"Nov. 29, 2011 -- The cholesterol-lowering drug Lipitor -- the best-selling prescription drug in world history -- will be available as a generic drug beginning Nov. 30.
Lipitor's generic name is atorvastatin. Two generic drugmakers, Ra"...
(Kres-tor) rosuvastatin calcium
Read this Patient Information carefully before you start taking CRESTOR and each time you get a refill. There may be new information. This information does not take the place of talking with your doctor about your medical condition or treatment.
If you have any questions about CRESTOR, ask your doctor. Only your doctor can determine if CRESTOR is right for you.
What is CRESTOR?
CRESTOR is a prescription medicine that contains a cholesterol-lowering medicine called rosuvastatin calcium. CRESTOR is used along with diet to:
- lower the level of your “bad” cholesterol (LDL)
- increase the level of your “good” cholesterol (HDL)
- lower the level of fat in your blood (triglycerides)
- slow the buildup of fatty deposits (plaque) in the walls of blood vessels
CRESTOR is for patients who cannot control their cholesterol levels by diet and exercise alone.
CRESTOR is used to reduce the risk of heart attacks and strokes in men 50 years of age and older and women 60 years of age and older who do not have known heart disease but do have certain additional risk factors.
It is not known if CRESTOR is safe and effective in people who have Fredrickson Type I and V dyslipidemias.
It is not known if CRESTOR is safe and effective in children under 10 years of age or in girls who have not started their period (menses).
Who should not take CRESTOR?
Do not take CRESTOR if you:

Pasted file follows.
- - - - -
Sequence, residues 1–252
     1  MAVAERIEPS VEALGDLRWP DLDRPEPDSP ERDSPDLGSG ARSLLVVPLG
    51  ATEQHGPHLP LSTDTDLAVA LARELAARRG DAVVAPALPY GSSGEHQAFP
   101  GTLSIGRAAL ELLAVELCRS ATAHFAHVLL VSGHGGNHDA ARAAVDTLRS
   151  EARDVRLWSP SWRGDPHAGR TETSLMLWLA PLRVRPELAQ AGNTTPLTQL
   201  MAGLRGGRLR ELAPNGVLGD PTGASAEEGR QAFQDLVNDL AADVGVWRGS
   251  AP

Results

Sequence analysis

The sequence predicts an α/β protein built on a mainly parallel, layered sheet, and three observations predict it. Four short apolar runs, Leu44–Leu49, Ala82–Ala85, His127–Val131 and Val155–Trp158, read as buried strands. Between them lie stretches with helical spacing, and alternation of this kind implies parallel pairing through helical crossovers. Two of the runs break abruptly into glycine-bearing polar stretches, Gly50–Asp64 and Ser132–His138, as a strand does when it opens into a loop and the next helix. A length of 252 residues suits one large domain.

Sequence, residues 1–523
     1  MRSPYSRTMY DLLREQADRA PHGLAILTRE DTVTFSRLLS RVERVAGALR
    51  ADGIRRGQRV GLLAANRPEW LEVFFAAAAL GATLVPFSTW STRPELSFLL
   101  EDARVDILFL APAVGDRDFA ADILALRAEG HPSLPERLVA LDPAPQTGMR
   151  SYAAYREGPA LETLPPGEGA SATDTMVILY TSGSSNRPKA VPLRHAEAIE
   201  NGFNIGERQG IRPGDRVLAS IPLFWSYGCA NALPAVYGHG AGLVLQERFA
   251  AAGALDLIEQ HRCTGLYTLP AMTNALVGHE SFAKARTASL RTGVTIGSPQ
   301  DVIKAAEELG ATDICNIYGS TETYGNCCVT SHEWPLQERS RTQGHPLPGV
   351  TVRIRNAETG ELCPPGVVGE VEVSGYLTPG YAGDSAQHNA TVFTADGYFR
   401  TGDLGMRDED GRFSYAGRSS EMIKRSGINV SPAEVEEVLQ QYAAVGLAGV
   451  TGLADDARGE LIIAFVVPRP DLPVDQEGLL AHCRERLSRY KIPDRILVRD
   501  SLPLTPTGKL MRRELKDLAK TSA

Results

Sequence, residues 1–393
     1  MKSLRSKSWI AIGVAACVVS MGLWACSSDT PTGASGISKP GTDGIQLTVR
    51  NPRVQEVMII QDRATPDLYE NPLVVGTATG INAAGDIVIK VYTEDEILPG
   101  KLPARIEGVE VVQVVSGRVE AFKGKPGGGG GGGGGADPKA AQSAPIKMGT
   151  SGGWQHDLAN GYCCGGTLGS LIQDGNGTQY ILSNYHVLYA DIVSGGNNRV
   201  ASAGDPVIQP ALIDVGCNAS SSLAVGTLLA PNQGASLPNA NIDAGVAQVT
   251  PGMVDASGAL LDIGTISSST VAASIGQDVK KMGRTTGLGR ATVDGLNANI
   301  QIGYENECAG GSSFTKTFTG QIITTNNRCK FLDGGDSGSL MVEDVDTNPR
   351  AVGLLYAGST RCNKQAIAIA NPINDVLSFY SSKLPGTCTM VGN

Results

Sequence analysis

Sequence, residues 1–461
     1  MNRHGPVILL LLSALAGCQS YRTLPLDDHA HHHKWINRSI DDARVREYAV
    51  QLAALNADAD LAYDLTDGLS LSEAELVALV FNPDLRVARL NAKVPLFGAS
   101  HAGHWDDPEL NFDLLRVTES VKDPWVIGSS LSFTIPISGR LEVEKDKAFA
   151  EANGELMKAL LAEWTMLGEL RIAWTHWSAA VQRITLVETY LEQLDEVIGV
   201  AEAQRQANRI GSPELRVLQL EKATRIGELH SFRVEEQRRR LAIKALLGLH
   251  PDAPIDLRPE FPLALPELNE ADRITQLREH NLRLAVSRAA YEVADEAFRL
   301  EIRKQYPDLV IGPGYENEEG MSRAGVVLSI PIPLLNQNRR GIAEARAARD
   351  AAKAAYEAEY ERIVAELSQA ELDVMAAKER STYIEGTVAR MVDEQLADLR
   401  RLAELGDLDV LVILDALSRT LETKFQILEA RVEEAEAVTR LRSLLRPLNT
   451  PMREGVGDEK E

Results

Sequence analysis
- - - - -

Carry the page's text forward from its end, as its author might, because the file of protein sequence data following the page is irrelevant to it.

- are allergic to rosuvastatin calcium or any of the ingredients in CRESTOR. See the end of this leaflet for a complete list of ingredients in CRESTOR.
- have liver problems.
- are pregnant or think you may be pregnant, or are planning to become pregnant. CRESTOR may harm your unborn baby. If you become pregnant, stop taking CRESTOR and call your doctor right away.
- are breastfeeding. Medicines like CRESTOR can pass into your breast milk and may harm your baby. It is not known if CRESTOR passes into your breast milk. You and your doctor should decide the best way to feed your baby if you take CRESTOR.
What should I tell my doctor before and while taking CRESTOR?
Tell your doctor if you:
- have unexplained muscle aches or weakness
- have or have had kidney problems
- have or have had liver problems
- drink more than 2 glasses of alcohol daily
- have thyroid problems
- are 65 years of age or older
- are of Asian descent
- are pregnant or think you may be pregnant, or are planning to become pregnant
- are breastfeeding
Tell your doctor about all the medicines you take, including prescription and over-the-counter medicines, vitamins, and herbal supplements.
Talk to your doctor before you start taking any new medicines.
Taking CRESTOR with certain other medicines may affect each other causing side effects. CRESTOR may affect the way other medicines work, and other medicines may affect how CRESTOR works.
Especially tell your doctor if you take:
- cyclosporine (a medicine for your immune system)
- gemfibrozil (a fibric acid medicine for lowering cholesterol)
- anti-viral medicines including HIV or hepatitis C protease inhibitors (such as lopinavir, ritonavir, fosamprenavir, tipranavir, atazanavir, or simeprevir)
- certain anti-fungal medicines (such as itraconazole, ketoconazole and fluconazole)
- coumarin anticoagulants (medicines that prevent blood clots, such as warfarin)
- niacin or nicotinic acid
- fibric acid derivatives (such as fenofibrate)
- colchicine (a medicine used to treat gout)
Ask your doctor or pharmacist for a list of these medicines if you are not sure.
Know all of the medicines you take. Keep a list of them to show your doctor and pharmacist when you get new medicine.
How should I take CRESTOR?
- Take CRESTOR exactly as your doctor tells you to take it.
- Take CRESTOR, by mouth, 1 time each day. Swallow the tablet whole.
- CRESTOR can be taken at any time of day, with or without food.
- Do not change your dose or stop CRESTOR without talking to your doctor, even if you are feeling well.
- Your doctor may do blood tests to check your cholesterol levels before and during your treatment with CRESTOR. Your doctor may change your dose of CRESTOR if needed.